Other nasally affronted critics pound their office typewriters about each sensational act.
Superimposed titles of some of their phrases glide past camera.
“cut in half by a bulldozer!”
“riddled with arrows!”
“mass nude scene!”
Various angles of London Underground commuters reading newspapers intently.
Close-ups of reviews excoriating the film.
The words “senselessly violent” lift off the page, moving towards camera.
As they do so, the word “senselessly” fades out, leaving only the word “violent” to dominate the frame. Each male reader takes this in, along with detailed examples of at least six depraved-fun sequences he and his mates would love to see, starting with “mass nude scene!”
EXTERIOR. WARNER WEST END 2 THEATER — NIGHT
The Critic is crossing Leicester Square. A light dusting of snow is falling. He sees there is a line round the block of the adjacent Theatre. It is the line for the movie TURKEY SHOOT.
Its first week’s figures set the house record for a February opening at the Warner West End 2. Despite a blizzard! With a helpful assist from British postal workers. Yes, truly, Enterprise — Turkey Shoot’s U.K. distributor — did mail invitations containing chicken feet to select media to suggest the film’s undercurrent of humor, resulting in humorless media coverage way beyond expectation. Perhaps box office was also influenced by the fact that we gave the name Thatcher to the sadistic commandant of the B.F. Skinner Re-Education and Behavior Modification Camp, as a deliberate political jab. So effective a jab, in fact, that a subsequent UK DVD release retitled the film Blood Camp Thatcher.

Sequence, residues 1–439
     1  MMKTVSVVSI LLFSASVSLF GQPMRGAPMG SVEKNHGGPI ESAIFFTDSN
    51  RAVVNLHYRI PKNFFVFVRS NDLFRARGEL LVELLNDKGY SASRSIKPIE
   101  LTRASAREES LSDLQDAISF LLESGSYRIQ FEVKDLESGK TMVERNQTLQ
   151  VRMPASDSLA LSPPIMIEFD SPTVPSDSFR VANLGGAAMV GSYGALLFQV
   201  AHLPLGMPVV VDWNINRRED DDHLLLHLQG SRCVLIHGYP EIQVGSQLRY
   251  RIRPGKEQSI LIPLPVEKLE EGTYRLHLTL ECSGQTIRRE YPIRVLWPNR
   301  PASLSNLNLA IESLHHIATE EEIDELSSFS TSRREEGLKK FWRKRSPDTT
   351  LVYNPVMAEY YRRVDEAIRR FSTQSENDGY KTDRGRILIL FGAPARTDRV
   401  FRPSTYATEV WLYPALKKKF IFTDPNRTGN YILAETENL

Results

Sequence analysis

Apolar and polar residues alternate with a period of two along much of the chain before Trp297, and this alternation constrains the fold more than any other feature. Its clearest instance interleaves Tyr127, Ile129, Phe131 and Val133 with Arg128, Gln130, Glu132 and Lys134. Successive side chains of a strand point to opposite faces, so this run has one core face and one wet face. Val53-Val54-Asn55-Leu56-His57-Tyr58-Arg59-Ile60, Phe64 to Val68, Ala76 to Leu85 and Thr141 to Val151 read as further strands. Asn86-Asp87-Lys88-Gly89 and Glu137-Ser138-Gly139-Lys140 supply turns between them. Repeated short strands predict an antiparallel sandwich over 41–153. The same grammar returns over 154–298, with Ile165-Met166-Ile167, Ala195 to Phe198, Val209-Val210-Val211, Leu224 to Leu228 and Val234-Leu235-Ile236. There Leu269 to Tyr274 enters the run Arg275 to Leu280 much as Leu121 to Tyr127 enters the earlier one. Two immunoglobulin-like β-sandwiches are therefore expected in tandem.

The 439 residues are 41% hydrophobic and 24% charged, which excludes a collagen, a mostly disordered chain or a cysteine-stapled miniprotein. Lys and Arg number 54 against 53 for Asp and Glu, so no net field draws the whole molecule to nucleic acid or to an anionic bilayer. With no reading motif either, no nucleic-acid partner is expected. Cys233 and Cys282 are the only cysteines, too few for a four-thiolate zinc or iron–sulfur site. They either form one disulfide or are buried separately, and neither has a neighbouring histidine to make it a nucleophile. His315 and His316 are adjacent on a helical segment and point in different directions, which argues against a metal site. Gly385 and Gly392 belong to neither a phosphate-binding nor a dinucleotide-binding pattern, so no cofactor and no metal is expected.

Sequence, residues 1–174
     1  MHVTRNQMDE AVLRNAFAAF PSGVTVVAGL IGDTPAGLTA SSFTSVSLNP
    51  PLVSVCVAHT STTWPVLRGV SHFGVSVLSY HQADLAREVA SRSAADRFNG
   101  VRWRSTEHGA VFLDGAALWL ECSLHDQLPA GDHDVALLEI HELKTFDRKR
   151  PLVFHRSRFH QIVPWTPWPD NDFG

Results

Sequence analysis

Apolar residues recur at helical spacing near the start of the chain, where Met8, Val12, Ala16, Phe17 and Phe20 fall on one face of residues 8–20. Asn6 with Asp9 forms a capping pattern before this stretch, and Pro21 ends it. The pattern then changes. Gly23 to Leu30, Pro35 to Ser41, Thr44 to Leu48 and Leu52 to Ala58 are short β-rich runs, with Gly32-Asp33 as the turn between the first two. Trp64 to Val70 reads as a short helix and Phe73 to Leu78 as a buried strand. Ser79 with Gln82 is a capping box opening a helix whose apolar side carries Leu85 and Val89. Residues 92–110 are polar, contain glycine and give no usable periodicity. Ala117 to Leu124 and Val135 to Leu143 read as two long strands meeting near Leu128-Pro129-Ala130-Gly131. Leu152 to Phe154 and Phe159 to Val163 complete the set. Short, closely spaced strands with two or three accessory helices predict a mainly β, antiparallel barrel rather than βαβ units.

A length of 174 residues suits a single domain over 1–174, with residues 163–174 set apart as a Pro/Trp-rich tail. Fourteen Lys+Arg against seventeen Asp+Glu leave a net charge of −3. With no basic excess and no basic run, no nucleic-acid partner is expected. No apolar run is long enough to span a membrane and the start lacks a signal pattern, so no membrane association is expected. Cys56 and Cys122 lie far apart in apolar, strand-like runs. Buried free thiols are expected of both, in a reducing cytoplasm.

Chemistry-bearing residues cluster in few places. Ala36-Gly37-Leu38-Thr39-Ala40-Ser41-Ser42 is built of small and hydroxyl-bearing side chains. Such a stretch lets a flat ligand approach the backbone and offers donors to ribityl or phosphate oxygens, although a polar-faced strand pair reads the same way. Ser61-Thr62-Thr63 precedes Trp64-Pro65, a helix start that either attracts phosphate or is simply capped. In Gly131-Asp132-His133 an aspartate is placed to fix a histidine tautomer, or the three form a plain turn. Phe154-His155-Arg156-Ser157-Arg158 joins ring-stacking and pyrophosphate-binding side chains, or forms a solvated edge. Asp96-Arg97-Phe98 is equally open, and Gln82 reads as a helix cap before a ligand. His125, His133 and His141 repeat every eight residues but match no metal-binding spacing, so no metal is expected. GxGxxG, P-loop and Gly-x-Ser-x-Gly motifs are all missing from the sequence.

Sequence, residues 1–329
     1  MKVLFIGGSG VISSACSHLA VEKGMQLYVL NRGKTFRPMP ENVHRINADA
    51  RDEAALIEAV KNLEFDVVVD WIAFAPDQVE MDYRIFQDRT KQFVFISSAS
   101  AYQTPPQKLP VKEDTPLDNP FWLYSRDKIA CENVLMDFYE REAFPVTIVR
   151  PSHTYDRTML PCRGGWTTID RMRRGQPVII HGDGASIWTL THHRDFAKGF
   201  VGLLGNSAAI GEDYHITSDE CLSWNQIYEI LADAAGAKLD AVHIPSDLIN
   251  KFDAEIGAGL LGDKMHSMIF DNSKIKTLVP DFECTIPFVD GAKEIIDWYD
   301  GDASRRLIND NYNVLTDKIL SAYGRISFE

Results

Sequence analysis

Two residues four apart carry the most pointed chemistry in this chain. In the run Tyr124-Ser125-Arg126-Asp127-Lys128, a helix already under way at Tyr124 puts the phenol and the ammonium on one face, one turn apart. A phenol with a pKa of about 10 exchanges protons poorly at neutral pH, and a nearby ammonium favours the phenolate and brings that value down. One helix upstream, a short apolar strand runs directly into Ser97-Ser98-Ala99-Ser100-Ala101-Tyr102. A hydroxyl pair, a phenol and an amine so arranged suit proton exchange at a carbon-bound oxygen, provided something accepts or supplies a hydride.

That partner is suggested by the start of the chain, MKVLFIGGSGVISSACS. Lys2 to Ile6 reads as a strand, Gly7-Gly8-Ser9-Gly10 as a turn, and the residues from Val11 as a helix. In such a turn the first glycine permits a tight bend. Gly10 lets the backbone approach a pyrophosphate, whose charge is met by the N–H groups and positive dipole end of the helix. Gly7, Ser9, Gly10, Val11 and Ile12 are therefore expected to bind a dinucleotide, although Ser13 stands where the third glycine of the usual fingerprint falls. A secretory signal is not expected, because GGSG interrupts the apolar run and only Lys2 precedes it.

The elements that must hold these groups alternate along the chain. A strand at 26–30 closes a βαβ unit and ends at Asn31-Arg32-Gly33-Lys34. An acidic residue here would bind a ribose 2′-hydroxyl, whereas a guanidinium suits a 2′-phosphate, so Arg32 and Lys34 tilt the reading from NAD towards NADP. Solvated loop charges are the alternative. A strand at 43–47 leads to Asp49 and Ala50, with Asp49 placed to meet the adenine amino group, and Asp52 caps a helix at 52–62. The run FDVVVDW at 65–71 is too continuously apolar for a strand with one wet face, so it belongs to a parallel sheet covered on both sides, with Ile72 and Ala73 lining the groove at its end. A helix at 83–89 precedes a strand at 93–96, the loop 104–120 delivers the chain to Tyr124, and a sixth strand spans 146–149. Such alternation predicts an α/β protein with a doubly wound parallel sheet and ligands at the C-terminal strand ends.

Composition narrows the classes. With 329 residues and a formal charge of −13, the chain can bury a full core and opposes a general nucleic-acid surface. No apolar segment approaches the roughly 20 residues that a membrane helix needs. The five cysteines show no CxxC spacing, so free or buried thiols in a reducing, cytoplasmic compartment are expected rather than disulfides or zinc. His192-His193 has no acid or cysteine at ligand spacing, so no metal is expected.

You know that Russian proverb? No good deed goes unpunished. It’s funny how things turn out.
Original concept: 1984 meets The Camp on Blood Island where they play The Most Dangerous Game. A genre cocktail. Fast-paced total action and mayhem, with a little black humor, this time on a reasonable budget.
Status in prep: A serious budget shortfall due to the government changing its previous position on tax rebates for investors was causing me and the producers considerable difficulty as the shoot date approached. I had to keep modifying the scale and number of set pieces to trim the original 44-day schedule to 28 10-hour days. Cut were the first 15 pages set in a corporate fascist city of the future where the heroes are captured in a series of chases. Next, a four-page helicopter chase had to go, along with its pilot character, to be played by Australian actor and TV personality Graham Kennedy, because we could not agree terms with him. So I quickly had to distribute his plot function to other characters in the story. This all brought the script down by a quarter of its length. I made stuff up every shooting day to fill out the contracted running time. But all the action I came up with had to be achieved without incurring loadings for any stuntman. The prison camp had been built for 500 extras, but now we could only afford 75 on our biggest day. A range of challenges. How could I ensure an audience? I decided to increase the level of blood and black-hearted laughs into a sort of Lucio Fulci-style high-camp splatter movie. Blood is cheap.